As a society, we have come a long way in terms of promoting workforce diversity. However, there is still much work to be done to create truly inclusive environments where all individuals are valued, respected and given equal opportunities to succeed.
Throughout 2021, employers faced a mass exodus of workers during the great resignation. According to McKinsey, “The top three factors employees cited as reasons for quitting were that they did not feel valued by their organisations (54%) or their managers (52%) or because they did not feel a sense of belonging at work (51%).” The group of workers most likely to say they left their jobs because they did not feel like they belonged at their organisations were non-white or multiracial. This sobering statistic is a stark reminder of the challenges that many employees face every day when they come to work.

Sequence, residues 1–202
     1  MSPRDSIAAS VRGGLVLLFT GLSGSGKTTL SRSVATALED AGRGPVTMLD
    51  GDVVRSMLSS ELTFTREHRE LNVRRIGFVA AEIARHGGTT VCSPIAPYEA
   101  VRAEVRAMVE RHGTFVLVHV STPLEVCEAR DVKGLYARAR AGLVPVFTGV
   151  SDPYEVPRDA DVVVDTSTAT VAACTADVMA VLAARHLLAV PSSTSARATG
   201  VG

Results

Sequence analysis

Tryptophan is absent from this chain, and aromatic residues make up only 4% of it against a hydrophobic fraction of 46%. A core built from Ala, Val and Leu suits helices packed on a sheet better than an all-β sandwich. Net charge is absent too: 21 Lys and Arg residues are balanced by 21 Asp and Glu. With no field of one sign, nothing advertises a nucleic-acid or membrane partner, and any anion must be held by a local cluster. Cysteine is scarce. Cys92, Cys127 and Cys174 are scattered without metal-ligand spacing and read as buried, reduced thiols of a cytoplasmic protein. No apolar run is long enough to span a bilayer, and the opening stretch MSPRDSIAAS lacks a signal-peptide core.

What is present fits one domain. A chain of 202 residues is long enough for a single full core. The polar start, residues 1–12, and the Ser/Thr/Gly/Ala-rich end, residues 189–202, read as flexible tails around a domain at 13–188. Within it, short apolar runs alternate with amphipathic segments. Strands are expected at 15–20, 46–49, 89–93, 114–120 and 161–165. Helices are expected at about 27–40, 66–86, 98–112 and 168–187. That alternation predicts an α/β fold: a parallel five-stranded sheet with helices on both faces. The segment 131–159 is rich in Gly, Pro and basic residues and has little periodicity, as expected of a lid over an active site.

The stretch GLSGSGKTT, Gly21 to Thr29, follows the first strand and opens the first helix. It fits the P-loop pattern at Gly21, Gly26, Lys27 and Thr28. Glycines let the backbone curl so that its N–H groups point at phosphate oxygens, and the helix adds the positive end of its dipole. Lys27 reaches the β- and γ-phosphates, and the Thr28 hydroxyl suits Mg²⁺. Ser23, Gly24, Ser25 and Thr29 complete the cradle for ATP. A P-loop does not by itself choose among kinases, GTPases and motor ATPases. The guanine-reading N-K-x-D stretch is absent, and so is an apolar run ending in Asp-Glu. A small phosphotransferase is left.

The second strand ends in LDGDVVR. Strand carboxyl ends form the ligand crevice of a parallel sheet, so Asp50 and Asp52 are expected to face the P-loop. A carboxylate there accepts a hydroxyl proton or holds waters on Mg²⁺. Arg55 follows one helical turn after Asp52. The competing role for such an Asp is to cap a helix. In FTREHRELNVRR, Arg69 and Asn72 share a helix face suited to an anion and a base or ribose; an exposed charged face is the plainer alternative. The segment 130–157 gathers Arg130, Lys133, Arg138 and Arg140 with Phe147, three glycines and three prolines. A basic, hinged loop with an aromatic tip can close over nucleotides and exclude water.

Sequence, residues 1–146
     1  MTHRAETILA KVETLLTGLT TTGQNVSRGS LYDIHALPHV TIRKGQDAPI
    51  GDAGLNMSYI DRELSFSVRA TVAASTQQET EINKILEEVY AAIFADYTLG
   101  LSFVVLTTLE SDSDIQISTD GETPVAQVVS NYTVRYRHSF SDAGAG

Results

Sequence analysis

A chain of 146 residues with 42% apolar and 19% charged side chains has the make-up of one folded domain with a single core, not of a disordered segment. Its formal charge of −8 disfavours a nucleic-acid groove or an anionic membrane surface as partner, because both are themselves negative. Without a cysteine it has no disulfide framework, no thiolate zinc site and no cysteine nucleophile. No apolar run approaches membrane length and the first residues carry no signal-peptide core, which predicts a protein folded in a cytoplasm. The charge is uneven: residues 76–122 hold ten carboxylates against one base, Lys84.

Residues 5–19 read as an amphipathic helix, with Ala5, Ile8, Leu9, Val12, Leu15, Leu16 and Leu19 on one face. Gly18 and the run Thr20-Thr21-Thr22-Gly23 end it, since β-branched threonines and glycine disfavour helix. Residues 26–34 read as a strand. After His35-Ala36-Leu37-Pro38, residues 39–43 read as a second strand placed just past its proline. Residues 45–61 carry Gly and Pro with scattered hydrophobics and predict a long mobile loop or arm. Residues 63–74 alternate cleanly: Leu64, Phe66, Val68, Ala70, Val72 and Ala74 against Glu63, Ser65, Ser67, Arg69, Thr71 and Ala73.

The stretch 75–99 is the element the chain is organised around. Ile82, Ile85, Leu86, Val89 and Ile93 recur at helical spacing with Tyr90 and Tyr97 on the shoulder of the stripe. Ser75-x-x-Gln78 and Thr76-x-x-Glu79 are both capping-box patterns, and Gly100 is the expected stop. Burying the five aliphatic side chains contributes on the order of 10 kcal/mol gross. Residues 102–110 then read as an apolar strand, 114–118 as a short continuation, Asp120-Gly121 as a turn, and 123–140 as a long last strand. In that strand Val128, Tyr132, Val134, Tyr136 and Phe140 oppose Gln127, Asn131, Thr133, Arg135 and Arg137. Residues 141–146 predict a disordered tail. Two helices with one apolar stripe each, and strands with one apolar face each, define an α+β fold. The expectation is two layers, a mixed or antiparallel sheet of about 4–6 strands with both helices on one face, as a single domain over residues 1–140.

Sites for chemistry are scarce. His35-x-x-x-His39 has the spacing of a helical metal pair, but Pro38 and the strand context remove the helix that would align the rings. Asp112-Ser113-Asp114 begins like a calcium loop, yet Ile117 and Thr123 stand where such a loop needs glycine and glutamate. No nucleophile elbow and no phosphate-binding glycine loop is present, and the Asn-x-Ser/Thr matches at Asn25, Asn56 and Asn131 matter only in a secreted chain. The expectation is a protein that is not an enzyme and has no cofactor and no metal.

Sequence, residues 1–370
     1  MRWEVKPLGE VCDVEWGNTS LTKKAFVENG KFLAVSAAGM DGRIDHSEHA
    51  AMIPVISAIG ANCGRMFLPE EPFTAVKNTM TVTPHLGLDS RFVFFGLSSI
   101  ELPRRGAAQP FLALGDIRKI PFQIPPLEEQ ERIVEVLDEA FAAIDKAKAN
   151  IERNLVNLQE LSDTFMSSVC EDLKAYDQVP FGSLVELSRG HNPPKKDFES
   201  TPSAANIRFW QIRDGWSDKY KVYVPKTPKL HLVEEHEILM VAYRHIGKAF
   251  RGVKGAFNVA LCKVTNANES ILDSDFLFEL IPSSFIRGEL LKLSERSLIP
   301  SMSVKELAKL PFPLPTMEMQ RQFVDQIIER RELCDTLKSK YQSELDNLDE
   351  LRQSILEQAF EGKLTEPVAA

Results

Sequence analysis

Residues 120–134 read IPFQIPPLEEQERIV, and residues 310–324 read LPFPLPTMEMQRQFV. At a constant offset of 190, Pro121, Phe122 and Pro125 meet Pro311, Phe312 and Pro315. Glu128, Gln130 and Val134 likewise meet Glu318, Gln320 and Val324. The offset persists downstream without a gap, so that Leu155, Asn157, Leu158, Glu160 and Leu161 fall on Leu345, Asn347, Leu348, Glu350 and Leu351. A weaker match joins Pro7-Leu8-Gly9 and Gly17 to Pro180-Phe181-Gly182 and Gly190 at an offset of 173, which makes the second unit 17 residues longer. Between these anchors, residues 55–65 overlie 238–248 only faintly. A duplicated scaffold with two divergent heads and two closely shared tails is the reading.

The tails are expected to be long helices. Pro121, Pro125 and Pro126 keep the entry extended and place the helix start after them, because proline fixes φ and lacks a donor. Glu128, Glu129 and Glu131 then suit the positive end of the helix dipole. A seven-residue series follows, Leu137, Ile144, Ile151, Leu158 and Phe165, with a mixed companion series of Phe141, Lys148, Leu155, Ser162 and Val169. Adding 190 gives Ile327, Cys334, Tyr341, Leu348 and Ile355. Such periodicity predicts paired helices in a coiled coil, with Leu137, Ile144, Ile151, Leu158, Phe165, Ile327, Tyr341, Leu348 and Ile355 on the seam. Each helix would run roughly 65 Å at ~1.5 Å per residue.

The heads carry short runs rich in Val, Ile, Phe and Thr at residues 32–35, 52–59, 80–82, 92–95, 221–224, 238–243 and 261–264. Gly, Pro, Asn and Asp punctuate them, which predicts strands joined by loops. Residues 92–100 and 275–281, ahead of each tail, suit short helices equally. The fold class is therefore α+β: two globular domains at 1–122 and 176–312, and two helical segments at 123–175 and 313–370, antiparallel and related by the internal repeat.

In recent years, we have seen an increase in the number of brands signaling their support for diversity, equity and inclusion (DEI). This can take the form of public statements, social media posts and even the creation of DEI initiatives. While these efforts are certainly well-intentioned, they are not always enough to create lasting change. The Harvard Business Review notes, “Increasing diversity does not, by itself, increase effectiveness; what matters is how an organisation harnesses diversity, and whether it’s willing to reshape its power structure.”
In order to truly promote workplace diversity, brands need to do more than just signal their support. They need to take concrete steps to assess their current diversity initiatives and develop strategies to create a more inclusive workplace.
Beginning a Workforce Diversity Audit
One way to do this is to conduct a thorough analysis of the brand’s current state of diversity. This should include an examination of the demographics of the workforce, as well as an assessment of the inclusion and representation of diverse groups within the company. This analysis can help to identify areas where the brand may be lacking in terms of diversity and inclusion and provide a starting point for developing more effective strategies.